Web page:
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A Brief Guide to Cashmere

The woolen fiber makes excellent sweaters, blankets, and beanies. But where's it come from? And, why's it so expensive?

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Chandler Bondurant

Cashmere has always been tied to exclusivity and luxury. As such, new cashmere garments that are both accessible and affordable upend conventional thoughts surrounding the fiber. So, to get a better grasp on the actual value of the fiber, we talked with Jeffrey Silberman, the chairperson of the Textile Development and Marketing Department at Fashion Institute of Technology in New York City. Read more about the mysterious (and mega-soft) material below.

Why Does Cashmere Cost So Much?

According to Silberman, there are a number of aspects that affect the quality of the fiber — and in turn, the price. There are many different grades of cashmere and four primary types: black, brown, red and white. “The darker the cashmere is when it starts out, the less rare it is,” he said. “But it’s considered lower cashmere in the cashmere markets because it does have to be bleached and that’s where you get the fiber damage.”

Along with the grade, the fineness of the fiber has a significant effect on the price. According to the U.S. Wool Products Labeling Act of 1939, the average diameter of cashmere fibers in a knit product should not exceed 19 microns, and it should not contain more than three percent of fibers that exceed 30 microns. Generally, the finer the fiber, the higher the price. But, the best cashmere fibers also display a superior quality overall. “[The fibers] are going to be smoother, they’re going to be more lustrous and they’re going to be stronger in the more expensive cashmere,” Silberman said.

Companies offering affordable cashmere sweaters often utilize fibers that aren’t the highest grade and don’t disclose the details of the material they use. “Where you’ll see the difference is if you have beautiful long-fiber cashmere,” said Silberman. “It’s going to feel better, it’s going to look better and it’s going to clean better because it’s not going to lint out fibers. The shorter, coarser cashmere is going to lend itself to the cheaper products.” For apparel companies, shorter cashmere is cheaper to buy, cheaper to process and still allows for the “100% Cashmere” label. Few companies offering affordable cashmere, save Everlane, actually reveal the staple length of fibers used in the yarns of the sweaters.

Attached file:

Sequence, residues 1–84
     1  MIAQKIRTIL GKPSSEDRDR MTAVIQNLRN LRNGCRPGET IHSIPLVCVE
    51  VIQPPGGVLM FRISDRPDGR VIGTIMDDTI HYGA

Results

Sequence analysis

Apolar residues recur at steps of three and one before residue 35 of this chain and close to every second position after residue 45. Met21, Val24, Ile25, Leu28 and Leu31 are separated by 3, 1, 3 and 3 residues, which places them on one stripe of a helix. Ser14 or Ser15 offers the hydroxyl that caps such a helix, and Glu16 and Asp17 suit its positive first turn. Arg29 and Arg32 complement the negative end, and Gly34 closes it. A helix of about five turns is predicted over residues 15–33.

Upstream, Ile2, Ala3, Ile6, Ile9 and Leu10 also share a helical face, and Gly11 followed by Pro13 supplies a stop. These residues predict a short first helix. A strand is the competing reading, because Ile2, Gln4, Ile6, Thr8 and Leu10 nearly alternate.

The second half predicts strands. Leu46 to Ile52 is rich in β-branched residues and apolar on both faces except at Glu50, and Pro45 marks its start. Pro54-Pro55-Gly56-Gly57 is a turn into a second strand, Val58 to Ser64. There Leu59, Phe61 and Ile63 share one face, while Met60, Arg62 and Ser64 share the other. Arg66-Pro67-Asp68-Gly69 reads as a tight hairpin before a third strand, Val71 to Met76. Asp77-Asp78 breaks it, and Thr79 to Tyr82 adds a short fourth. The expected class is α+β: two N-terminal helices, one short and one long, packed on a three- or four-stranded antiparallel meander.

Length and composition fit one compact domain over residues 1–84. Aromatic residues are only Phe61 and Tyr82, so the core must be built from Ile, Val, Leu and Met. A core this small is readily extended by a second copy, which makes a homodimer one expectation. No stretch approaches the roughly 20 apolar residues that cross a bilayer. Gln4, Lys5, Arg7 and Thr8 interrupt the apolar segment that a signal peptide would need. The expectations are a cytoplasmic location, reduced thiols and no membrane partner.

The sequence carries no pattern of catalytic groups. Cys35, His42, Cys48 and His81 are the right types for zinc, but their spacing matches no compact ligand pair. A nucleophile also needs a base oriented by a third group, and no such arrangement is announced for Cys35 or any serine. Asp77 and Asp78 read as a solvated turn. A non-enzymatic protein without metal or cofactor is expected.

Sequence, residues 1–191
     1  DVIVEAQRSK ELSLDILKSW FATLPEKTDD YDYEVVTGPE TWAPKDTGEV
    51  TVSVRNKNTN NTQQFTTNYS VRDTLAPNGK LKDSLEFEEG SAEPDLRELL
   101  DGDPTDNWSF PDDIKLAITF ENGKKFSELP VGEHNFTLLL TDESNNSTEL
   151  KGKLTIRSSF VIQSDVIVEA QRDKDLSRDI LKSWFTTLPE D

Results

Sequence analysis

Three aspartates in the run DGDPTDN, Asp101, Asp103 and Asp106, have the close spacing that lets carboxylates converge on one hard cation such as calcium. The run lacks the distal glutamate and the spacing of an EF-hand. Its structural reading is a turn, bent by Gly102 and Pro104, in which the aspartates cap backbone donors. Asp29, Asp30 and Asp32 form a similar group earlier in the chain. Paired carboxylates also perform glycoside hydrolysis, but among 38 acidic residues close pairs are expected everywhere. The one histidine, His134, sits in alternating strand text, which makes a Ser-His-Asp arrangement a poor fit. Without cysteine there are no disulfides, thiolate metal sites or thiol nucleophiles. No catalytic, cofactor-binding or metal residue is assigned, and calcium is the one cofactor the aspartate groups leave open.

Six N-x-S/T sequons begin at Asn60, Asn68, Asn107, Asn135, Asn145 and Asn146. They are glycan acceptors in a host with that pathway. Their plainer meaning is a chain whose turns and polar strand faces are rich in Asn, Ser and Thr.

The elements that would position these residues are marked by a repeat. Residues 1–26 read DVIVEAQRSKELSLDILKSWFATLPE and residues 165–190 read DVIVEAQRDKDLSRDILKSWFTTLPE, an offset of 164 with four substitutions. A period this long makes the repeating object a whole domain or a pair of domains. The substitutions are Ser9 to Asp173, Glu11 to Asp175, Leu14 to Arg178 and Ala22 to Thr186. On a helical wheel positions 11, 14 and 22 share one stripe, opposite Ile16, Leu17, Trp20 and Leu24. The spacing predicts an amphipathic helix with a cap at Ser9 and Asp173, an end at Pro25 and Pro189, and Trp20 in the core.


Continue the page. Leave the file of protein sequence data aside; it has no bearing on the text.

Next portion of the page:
Where Does Cashmere Come From?

Another factor that influences price is the country of origin. While Mongolia and China both produce excellent cashmere, companies can source more affordable cashmere from Turkey, Iran and India. In addition, market forces can create cycles where affordable cashmere sweaters come in and go out. “If [fiber dealers] are oversupplied and they need to get rid of their excess inventory, that may have something to do with it,” Silberman said.

“The people in Ulaanbaatar don’t have a lot of money, and yet every single one of them will wear cashmere. If you told them that they should wear sheep’s wool, they basically think that that’s something to insulate a pipe with.”

So though companies may not use the highest grade cashmere in inexpensive cashmere sweaters, they’re still using real cashmere — and it’s still a great fiber. For Silberman, a telling moment in his view of the fiber came when he was working on a project on cashmere identity for the Mongolian Cashmere FibreMark Society in Ulaanbaatar, Mongolia. “The people in Ulaanbaatar don’t have a lot of money — they live on the steppes — and yet every single one of them will wear cashmere. If you told them that they should wear sheep’s wool, they basically think that that’s something to insulate a pipe with,” he said. “And I found out from there that you can wash cashmere with dishwashing liquid or shampoo with conditioner, and that they look at cashmere as ‘It’s really cold here and we need something that’s really warm. It’s a functional, utilitarian thing and we’re happy that people want to buy it and sell it for $500 sweaters.'”

With that in mind, a high price and respected provenance should not necessarily be requisites for your own cashmere purchase. “Really what comes down to is that you like the sweater and you like the way it feels,” Silberman said. “If you’re going to take your sweaters and hang them on the wall, that’s one thing. But if you’re getting them to wear, and you like it, I’m not sure that you care if it’s going to cost as much.”

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